Seniors can improve their overall health and well-being by introducing positive activities into their routines. Exercise, including yoga, can help improve physical and mental health. Some seniors are closely connected to the people who provide their care. Increasingly, these caregivers are family members, and the rigors of providing attentive care to a senior can cause them mental and physical problems. Yoga can provide a double benefit for seniors and their caregivers, helping to strengthen not only their bodies but also their bond. Perhaps best of all, it’s easy to get started and doesn’t require any expensive equipment. You can easily set aside space or room for practicing yoga and mindfulness by choosing an area away from high-traffic spaces, adding a few nature-inspired decor items, and removing clutter, which is known to increase stress and is the last thing you want to focus on during your yoga practice.

How yoga increases physical health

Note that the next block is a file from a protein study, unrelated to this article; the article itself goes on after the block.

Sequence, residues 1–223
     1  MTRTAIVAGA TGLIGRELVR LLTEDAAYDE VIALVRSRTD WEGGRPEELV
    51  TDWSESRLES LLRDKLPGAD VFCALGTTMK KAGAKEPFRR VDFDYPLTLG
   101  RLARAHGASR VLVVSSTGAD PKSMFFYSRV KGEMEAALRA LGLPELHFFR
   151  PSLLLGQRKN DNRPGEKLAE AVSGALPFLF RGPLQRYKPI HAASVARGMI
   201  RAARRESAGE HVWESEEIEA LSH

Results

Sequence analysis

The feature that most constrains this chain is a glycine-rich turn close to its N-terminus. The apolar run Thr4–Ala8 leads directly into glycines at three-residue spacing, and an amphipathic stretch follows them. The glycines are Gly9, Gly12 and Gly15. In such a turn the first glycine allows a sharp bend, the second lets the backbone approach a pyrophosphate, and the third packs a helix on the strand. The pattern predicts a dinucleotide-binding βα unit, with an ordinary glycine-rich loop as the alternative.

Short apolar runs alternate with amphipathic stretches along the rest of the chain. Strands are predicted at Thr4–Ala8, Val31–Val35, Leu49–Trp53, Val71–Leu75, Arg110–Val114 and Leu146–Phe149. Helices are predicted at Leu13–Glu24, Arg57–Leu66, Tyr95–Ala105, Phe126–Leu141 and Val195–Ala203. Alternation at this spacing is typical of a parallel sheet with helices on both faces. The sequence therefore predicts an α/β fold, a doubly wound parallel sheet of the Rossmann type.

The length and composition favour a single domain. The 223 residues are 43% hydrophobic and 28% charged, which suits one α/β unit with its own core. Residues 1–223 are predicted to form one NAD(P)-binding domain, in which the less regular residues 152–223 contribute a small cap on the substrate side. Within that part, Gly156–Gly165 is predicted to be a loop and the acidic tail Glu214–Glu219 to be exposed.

Yoga poses take muscles through natural ranges of motion to invigorate, stretch, and flex muscles and joints. The physical results are a greater range of motion, reduced joint inflammation, increased muscle strength, and pain relief. Read more

What can a caregiver do from far away?

The National Institute on Aging shared that anyone, anywhere, can be a long-distance caregiver, no matter your gender, income, age, social status, or employment. If you are living an hour or more away from a person who needs your help, you’re probably a long-distance caregiver.

You may ask yourself—what can I really do from far away? Long-distance caregivers take on different roles. You may: